The concentrated nature of CRE CLOs and the different considerations in real estate loans from business loans pose challenges for investors shopping CLO options. The broader loan portfolios of business loan CLOs and the often more granular business data available on companies holding the loans can make broadly syndicated CLOs easier to digest for investors.

Feeling bullish

But the overall mood about securitised products remains optimistic for 2018, thanks in part to the robust US economy. In a review of the SFIG conference, Kroll Bond Rating Agency said that what stood out at the event was the “overwhelmingly bullish sentiment” about securitised credit.

Kroll also noted the higher level of interest in CRE products at an event that historically focuses much more on other areas such as asset-backed securities (ABS). The focus of those CRE panels seemed to be less on worries about stress in the real estate sector and more on the strong investor demand for CRE CLOs.

Two issues that stood out at the conference and remain hot topics for the CLO industry are changes to the risk retention rule for CLOs and the phase-out of Libor as a benchmark for floating-rate debt.

CLOs have been subject to a rule that requires 5 percent risk retention by managers, which has resulted in the creation of a subset of risk-retention CLOs to raise the needed capital. A court case that found CLOs would not need to follow the 5 percent rule was upheld on appeal in February. There is still a chance the ruling could be overturned on further appeal, but current speculation is that the ruling will stand and become final by April.

How the elimination of the 5 percent rule could play out remains to be seen. One possibility is that the elimination of risk retention could be an incentive for players that were unable or unwilling to meet the requirement. “If risk retention goes away, it makes it easier for smaller managers which had been shut out to return to the market,” says Derek Miller, a managing director for structured credit at Fitch Ratings.

Miller estimated that about 20 viable managers had opted not to issue CLOs since the risk retention rules went into effect in 2015. Some of those might now be looking at returning to the market, while other new managers might be encouraged to participate.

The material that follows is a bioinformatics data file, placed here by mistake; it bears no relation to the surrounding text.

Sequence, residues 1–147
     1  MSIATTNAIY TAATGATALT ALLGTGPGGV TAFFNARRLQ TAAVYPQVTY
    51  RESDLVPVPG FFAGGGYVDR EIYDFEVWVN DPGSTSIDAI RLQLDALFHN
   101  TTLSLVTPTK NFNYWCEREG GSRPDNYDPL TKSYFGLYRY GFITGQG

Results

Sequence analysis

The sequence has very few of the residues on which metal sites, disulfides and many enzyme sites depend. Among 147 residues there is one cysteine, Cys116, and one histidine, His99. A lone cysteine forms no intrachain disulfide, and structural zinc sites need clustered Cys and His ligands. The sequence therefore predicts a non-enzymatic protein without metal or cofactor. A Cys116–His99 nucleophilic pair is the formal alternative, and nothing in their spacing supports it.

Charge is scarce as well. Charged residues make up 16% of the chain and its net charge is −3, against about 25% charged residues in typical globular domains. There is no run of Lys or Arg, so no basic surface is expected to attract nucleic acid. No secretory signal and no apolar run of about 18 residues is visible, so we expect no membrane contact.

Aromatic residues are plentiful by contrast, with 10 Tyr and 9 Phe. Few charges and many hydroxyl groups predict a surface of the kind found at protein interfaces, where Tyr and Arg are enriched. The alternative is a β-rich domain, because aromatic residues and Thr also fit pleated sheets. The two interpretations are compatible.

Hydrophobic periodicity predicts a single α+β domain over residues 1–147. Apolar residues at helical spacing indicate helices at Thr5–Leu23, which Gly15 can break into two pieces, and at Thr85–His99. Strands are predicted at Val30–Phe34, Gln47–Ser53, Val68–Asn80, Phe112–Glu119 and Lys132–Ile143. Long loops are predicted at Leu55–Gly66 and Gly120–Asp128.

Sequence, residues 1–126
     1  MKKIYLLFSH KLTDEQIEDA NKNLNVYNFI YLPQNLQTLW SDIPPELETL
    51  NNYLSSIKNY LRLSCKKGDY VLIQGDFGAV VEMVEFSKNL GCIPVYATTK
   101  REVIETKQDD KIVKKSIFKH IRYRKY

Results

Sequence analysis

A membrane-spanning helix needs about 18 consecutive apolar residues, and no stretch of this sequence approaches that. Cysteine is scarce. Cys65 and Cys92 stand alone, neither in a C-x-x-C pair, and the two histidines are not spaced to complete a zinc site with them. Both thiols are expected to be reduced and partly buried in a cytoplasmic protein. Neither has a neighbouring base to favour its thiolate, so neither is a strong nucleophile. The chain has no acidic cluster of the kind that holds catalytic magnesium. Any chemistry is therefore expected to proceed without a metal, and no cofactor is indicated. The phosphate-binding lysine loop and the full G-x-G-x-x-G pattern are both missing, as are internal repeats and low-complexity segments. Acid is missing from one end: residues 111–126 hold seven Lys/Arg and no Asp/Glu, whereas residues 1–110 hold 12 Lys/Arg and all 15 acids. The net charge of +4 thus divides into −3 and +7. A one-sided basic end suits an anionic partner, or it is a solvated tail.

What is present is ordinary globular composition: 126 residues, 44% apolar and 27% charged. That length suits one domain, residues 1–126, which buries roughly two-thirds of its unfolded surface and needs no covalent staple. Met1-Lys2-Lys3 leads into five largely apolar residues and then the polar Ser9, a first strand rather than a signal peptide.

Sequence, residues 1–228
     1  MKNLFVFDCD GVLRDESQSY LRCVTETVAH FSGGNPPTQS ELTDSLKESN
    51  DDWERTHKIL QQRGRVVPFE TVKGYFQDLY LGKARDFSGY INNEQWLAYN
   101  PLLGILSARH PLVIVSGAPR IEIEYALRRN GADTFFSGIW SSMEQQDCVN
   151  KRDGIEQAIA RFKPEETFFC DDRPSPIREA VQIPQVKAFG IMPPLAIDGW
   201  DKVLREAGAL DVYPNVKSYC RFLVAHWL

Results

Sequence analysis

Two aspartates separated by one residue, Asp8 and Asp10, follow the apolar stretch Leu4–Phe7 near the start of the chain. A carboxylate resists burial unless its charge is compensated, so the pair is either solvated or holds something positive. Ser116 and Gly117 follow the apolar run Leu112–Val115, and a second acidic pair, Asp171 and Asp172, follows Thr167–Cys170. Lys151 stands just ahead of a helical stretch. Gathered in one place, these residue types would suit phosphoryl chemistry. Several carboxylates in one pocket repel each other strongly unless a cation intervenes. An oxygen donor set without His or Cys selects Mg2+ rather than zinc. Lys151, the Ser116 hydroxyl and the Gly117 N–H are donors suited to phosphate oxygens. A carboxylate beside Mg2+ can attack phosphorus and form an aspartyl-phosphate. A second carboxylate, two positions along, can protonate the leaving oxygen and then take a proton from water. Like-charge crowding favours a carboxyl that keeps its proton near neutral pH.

If the ruling stands, by early April, “We will begin to see people manoeuvring. It will be interesting to see how all these plans play out,” says Miller – but he does not anticipate a dramatic rise in the number of managers issuing CLOs.

Even without a risk-retention rule, investors may be reluctant to go back to managers that don’t offer some risk retention, having grown comfortable with the added security of retention. In its SFIG conference report, Kroll noted that it is unclear “whether investors will be willing to buy bonds from issuers which don’t retain any of the risk”.

The Libor issue, meanwhile, poses some operational challenges for CLO managers, as alternative benchmarks are being considered to replace it. Since broadly syndicated CLOs tend to be floating-rate based and tied to Libor, managers are scrambling to find flexible ways around the benchmark issue until an agreed-upon replacement is decided.

For CLO investors, one emerging issue is the potential weakening of underwriting and creditor rights. As investors hungry for yield turn to structured products such as CLOs, managers that enjoy strong investor demand may be tempted to water down investor rights and protections.

“The wild card that people are worried about is weakening documentation and creditor rights, and aggressive assumptions by underwriters in loans,” O’Brien says. “Investors are desperate for yield, and issuers are getting increasingly aggressive about removing traditional creditor rights in documentation.”